Meet Talus. You won’t recognise him, but your ancestors may well have. Or at least someone resembling him. And if they did, they would have made a rapid judgement about whether he was a threat, opportunity or benign. A female ancestor may have perceived Talus as a potential mate, whereas a male one as competition for a mate. Instinctively, we, like them, have evolved to weight threats more than opportunities, perhaps because opportunities will recur but if you don’t take a potential threat seriously once, it might be your only time. In the binary world of your genes, they just want to survive. You are reading this today in part because of these ancestral instincts.
Fast forward to the near past. Around 150 years ago, the internal combustion engine was invented, enabling the development of automobiles. Initially speeds were limited but they quite quickly increased to the point where collisions led to occupant injury and fatality, often as a result of being unrestrained when travelling. In 1946, an American neurologist, Hunter Shelden, started noticing the high number of head injuries coming through his treatment room at Huntington Memorial Hospital in Pasadena, California. This led him to investigate early seat belts with primitive designs and propose a retractable one as an improvement.
Soon manufacturers started to offer retractable seatbelts as a factory option, including Ford in 1955. They were influenced by studies which had started to show that occupants could reduce their risk of serious injury or death significantly in a collision when wearing one. However, they were not popular with the general public, with only 2% of Ford buyers choosing to pay for seatbelts in 1956. To my mind, the seat belts were a modern equivalent of Talus – a stranger who was seen as a threat (or at least discomfort) rather than an opportunity. Swedish manufacturer Saab then introduced seat belts as standard equipment in 1958 and this initiative was rapidly copied by others.
Based on ever more evidence that wearing seat belts saves lives, legislation and public information tried to increase uptake. Indeed, US NHTSA (National Highway Traffic Safety Administration) analysis revealed that around 10,000 lives were saved in the US annually in the 1990s by occupants wearing seatbelts.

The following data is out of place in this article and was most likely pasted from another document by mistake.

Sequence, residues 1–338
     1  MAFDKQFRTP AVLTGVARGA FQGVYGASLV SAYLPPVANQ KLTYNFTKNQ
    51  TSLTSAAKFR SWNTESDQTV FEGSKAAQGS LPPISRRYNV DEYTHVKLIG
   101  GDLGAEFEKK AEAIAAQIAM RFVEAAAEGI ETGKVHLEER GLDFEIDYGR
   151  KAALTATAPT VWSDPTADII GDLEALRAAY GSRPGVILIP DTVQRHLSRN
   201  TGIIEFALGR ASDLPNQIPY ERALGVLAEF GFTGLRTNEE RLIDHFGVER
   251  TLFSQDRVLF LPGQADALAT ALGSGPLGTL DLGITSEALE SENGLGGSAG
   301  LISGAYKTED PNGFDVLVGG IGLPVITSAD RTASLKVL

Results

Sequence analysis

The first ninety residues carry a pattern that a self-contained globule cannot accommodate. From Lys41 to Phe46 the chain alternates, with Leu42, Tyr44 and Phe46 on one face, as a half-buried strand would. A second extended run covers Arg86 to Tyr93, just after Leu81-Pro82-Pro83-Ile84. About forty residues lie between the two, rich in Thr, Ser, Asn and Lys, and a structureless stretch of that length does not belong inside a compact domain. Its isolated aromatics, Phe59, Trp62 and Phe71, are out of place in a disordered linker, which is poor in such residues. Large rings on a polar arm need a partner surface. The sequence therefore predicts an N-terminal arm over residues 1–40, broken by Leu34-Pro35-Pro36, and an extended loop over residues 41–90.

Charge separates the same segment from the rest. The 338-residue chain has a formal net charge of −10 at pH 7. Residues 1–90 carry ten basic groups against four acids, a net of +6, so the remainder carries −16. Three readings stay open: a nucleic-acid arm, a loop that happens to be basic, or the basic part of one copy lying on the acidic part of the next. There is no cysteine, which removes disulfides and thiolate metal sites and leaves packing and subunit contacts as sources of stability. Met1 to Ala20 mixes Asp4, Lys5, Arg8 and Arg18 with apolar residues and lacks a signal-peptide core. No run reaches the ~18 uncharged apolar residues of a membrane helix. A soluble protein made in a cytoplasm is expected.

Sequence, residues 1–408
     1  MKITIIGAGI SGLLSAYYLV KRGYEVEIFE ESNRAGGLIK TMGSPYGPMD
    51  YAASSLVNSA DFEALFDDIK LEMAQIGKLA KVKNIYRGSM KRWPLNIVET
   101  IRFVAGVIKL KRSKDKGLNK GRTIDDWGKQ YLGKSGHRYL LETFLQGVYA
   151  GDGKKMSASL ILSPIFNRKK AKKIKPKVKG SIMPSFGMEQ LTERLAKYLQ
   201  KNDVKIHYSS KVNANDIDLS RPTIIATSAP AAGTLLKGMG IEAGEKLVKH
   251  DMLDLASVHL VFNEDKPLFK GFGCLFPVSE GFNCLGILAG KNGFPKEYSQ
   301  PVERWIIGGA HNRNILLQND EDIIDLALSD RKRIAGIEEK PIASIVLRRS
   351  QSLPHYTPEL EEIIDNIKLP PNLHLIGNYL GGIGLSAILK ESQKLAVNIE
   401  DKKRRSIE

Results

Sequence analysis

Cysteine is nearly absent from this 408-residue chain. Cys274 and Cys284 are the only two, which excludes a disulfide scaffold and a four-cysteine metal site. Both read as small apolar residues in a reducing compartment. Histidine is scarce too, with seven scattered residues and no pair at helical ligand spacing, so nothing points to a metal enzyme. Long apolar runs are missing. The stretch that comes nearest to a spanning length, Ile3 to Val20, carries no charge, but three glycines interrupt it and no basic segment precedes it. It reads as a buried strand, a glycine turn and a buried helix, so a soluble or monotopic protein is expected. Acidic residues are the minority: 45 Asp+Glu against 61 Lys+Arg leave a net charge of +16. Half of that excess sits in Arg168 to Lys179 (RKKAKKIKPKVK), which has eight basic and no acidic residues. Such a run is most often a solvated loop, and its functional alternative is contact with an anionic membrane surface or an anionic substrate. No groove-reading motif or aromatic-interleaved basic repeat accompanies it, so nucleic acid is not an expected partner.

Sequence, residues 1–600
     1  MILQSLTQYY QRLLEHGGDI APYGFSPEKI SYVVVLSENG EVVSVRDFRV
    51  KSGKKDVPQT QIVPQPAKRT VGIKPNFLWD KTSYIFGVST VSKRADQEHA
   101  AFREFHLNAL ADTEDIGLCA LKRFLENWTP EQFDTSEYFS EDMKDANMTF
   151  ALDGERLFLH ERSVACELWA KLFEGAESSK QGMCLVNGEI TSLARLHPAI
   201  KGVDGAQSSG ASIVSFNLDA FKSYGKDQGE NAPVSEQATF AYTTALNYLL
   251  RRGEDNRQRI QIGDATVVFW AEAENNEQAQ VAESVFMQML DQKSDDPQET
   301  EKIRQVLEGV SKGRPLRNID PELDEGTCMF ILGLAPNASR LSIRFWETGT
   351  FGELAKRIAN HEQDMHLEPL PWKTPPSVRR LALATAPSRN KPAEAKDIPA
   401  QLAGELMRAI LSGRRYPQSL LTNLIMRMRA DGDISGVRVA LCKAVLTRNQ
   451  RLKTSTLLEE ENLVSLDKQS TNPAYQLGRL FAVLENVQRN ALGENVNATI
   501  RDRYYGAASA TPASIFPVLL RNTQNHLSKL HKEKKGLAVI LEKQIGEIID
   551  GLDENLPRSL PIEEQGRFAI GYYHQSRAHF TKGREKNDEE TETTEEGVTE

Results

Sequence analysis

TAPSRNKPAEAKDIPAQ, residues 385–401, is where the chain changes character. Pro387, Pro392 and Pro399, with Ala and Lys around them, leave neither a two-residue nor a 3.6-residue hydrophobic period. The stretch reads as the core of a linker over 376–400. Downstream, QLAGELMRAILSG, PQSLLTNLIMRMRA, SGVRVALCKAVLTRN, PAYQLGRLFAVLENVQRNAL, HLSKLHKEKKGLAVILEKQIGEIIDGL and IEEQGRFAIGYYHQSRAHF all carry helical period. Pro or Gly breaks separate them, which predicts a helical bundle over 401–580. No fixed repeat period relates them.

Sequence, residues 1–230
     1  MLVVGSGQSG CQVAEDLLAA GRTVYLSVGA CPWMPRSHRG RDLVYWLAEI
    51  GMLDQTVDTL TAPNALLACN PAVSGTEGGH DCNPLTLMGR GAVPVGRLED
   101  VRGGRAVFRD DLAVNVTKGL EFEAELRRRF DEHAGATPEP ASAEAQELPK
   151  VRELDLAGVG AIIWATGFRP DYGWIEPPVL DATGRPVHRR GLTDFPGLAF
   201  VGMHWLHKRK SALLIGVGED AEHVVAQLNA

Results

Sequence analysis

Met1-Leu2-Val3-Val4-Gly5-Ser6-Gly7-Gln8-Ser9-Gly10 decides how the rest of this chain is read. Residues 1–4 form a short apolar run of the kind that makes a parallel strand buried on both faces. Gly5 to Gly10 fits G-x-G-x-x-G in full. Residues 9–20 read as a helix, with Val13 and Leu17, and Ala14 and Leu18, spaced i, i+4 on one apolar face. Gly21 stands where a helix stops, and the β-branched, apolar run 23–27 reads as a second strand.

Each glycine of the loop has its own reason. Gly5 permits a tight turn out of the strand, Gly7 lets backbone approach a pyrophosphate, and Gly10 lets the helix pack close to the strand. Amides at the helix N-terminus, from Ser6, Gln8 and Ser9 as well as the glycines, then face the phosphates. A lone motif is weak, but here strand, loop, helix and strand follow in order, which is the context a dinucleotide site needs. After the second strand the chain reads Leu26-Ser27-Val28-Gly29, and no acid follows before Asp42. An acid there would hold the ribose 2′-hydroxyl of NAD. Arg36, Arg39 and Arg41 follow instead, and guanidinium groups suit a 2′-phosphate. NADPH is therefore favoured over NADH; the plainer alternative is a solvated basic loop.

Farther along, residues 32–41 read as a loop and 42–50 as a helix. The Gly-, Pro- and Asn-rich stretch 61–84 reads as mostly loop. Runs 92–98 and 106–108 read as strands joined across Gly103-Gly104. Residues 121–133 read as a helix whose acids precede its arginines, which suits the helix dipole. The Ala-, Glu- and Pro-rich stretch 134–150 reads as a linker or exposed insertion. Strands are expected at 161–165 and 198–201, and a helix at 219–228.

By 2020, seat belt use in the US reached 90%. If this number was ~10% in 1960 and increased smoothly from there, by my estimation several hundred thousand Americans owed their lives to wearing seat belts since they were introduced. Wow!, amazing! you may be thinking. What a success! But how much greater a success it would have been if this adoption process could have been speeded up.
Fast forward again to the present day. HAZOP software has the potential to save future lives, by improving the efficiency and effectiveness of the technique. I reckon that the HAZOPs I’ve chaired over the past 10 years have cumulatively saved at least several future lives. I even sometimes rather whimsically think of myself as a real life ‘Minority Report’ Pre-crime policeman.
Multiply that by the number of HAZOP chairs out there. You get the picture. However, HAZOP software is again the Talus on the horizon. I remember at the start of COVID, several HAZOP chairs were scornful about the prospect of carrying out HAZOPs via Zoom. Post-pandemic adoption levels are high, driven at least partly by the fact that HAZOPs had to be done and doing them in the traditional way was, at least temporarily, not possible. Our initial discomfort and apprehension (mine included) was gradually eroded by exposure until it felt natural.
However, HAZOP software does not have such a route to rapid adoption. How can it best go from Talus on the horizon to Talus as part of the community? I have some ideas to consider:
I’m sure there’s more, but this may be a start to help our modern-day Talus become a welcome and productive part of the team.